In other words, expect more of the same for you and me …so I’m continually thinking of ways to adapt my bee operation.
Let me give you a couple of examples:
My daughter’s (the boss) honey business has competitors in the local health food stores…but she was telling me the other day that she’s heard reports of their (her competitors) honey fermenting…not surprising considering the weather we’ve had…this is a serious problem. But to address this isssue of high moisture content in our honey, we’ve experimented with installing a de-humidifier in the beehouse a couple of days before honey removal. Now it’s easy to get our honey under 17% moisture content…and high moisture content is of no concern. And you should see how the bees react to the de-humidifier…they love it…as if to say “thank you” for making our job easier.
Back in the 1980s and 1990s, our commercial operation didn’t even own a refractometer…our honey was always dry…even when capped only 20%…how things have changed!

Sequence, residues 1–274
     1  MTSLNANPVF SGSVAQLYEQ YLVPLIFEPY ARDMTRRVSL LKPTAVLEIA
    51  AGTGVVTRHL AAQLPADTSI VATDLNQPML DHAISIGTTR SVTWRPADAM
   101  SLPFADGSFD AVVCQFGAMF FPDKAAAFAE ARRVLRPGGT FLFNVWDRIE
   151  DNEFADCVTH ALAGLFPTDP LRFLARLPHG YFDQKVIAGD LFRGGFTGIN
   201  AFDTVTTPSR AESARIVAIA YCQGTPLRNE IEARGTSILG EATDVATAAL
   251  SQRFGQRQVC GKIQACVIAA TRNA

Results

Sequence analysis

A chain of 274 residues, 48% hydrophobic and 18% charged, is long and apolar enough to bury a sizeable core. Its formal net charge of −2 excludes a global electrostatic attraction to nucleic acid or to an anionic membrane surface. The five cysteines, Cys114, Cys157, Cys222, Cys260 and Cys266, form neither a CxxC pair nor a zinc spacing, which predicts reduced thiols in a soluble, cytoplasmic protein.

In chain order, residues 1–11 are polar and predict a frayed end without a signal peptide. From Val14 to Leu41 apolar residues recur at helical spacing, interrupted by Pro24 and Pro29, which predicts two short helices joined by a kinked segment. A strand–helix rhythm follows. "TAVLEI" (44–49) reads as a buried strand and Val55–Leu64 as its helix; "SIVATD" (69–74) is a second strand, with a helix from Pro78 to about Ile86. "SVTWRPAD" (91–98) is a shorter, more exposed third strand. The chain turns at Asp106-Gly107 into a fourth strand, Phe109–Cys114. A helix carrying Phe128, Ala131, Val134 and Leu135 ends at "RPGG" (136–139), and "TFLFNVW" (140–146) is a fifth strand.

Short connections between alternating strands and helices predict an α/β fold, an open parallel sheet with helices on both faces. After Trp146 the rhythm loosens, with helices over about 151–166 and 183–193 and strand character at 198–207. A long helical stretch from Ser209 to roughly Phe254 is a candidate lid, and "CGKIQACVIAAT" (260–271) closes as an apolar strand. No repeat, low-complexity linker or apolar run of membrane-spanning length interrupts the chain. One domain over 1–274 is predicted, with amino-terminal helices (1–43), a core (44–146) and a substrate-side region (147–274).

A local commercial beekeeper that’s a great guy and an excellent beekeeper told me recently that he had to supplementary feed his starving beehives this spring (it was cool and dragged on) to the tune of 40 tons of sugar. And this fall he had to do the same (X2) to prepare for winter…so his input costs start to skyrocket. Meanwhile our insulated beehouses shield the colonies from those cool nights (nights have always been cool here) and the following patterns of cool, damp days (which is new). Very little spring or fall feeding is done…I call those beehouses “Tiny Print Beehouses” because of the lower input costs…no BTUs disappearing into the night sky.
These “adaptations” that I refer to often are not discovered by design…more by accident.
Beekeepers… as a group…have to be close to nature and it’s cause and effects otherwise husbandry goes out the window. And in my country, I’m somewhat skeptical that politicians…and many scientists…would have the awareness to guide me in adapting to climate change.